His answers tended to meander, this I remember well. Castro would mull the question over for only a moment, and then he would begin to respond. It was always a very direct and relevant analysis of the question and its answer that would initially take shape. For five or so minutes it would seem that he would have little more to say than what might be obvious. And then he would leave things open, the question still unanswered, and begin to tell a story or wander a bit out loud with us though his own history and his country’s. Each time I caught myself thinking that I was watching a true politician at work: restate the question, pay it lip service, and then move on to something else that was relevant enough to fool people into thinking they’d gotten an answer. And each time Castro appeared to be doing just that. He would spend 30-40 minutes discussing various other things, constructing theories and beginning claims that he then left hanging and unfinished, and this prompted me to wonder if his mind was as sharp as it once had been. But then, in the last few minutes, these thoughts would be plucked back to the forefront, the theories knitted together and the claims substantiated with minimal further explication, and his closing thought on the subject returned us precisely to the question originally posed. Every moment of his rambling tale was then proved to be a salient point in his discussion, and the answer stood before us.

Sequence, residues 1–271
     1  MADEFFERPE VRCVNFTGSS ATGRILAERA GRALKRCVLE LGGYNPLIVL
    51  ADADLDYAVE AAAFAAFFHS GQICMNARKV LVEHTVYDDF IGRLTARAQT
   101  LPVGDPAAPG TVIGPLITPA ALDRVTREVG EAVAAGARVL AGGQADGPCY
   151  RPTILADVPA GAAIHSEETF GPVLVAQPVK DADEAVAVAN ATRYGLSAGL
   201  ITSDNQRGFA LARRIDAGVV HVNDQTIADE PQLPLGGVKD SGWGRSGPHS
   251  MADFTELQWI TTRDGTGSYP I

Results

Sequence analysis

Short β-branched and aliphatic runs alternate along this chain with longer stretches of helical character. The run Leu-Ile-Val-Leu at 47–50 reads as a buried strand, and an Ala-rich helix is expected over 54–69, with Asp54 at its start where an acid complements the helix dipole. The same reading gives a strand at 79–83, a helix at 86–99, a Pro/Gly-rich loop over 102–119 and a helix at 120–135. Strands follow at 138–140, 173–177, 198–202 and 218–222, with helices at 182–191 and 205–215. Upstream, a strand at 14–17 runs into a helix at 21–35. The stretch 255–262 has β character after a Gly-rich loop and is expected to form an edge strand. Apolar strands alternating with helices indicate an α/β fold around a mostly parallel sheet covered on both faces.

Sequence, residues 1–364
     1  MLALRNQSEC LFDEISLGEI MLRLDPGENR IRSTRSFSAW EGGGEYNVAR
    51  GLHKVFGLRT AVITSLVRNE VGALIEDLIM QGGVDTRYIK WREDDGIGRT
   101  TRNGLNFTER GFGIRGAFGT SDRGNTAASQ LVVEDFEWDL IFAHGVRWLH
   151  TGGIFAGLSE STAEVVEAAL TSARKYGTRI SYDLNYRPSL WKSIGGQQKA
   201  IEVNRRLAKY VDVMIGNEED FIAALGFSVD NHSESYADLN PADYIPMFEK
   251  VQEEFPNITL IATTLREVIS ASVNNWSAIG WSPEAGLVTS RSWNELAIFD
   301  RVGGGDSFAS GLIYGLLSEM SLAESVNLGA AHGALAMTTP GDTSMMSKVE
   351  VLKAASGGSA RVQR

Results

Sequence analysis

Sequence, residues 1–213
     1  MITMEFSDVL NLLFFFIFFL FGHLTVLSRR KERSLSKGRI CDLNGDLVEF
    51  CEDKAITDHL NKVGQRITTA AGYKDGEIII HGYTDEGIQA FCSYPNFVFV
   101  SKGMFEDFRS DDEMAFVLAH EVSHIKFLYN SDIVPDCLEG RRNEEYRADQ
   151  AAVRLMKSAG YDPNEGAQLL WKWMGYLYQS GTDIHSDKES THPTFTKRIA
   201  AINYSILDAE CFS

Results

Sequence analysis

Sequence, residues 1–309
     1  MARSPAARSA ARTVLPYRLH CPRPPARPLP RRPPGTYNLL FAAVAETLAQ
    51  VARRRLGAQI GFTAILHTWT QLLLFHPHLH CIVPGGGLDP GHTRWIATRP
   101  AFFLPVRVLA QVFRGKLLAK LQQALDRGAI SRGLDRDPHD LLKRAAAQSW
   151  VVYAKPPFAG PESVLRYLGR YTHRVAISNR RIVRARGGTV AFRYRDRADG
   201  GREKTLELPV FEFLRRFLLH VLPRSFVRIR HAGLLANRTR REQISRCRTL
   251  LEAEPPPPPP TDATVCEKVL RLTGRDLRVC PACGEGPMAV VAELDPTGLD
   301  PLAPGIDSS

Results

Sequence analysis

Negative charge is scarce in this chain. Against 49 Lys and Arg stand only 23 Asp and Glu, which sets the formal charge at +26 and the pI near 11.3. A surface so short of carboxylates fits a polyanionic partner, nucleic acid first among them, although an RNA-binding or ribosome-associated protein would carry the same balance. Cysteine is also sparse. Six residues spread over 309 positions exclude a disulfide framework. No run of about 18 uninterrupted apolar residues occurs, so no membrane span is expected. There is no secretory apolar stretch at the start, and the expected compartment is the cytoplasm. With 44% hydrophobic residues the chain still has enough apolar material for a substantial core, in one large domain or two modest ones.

This remains to this day one of the most marvelous things I have ever experienced. A master orator, Castro displayed one of the few simple acts of brilliance I have ever had the pleasure to witness first-hand. It was a flawless performance, and regardless of what any may say about the power of charisma, for he certainly had it, there was a magic about that man that went much deeper than his ability to manipulate. He had a keen and capacious mind, and each of his answers was a work of beauty, crafted to perfection. They were not especially partisan, and I doubt anyone was converted to Cuban communism that day, but this had as much to do with the questions as they did with the answers. His audience was there to play hardball, for the most part, and Castro took this in stride. His attitude was more that of a historian than a politician, and he was as quick to poke fun at his foibles as he was to laud the courageous spirit of the Cuban people.
Another question I remember well from that night was especially pointed. “Why did communism fail?” someone asked. If I expected El Jefe to bristle at this, I was to be disappointed. Certainly, he contended that it had not failed, that it was in the process of being realized, but his answer slowly developed into the nuanced, multi-layered treatise that we had so quickly come to expect. Whether it was an attempt to convince us that communism had not failed or merely a way of presenting what Castro saw communism to truly be, I do not know, but his tone was not that of a lecturer or even of a teacher. It was rather that of a parent discussing a child, and here it was that we truly saw a glimpse of this man as the father of the revolution. In that moment, he seemed truly humbled. The next question, and indeed the last, if memory serves, was perhaps the perfect follow-up.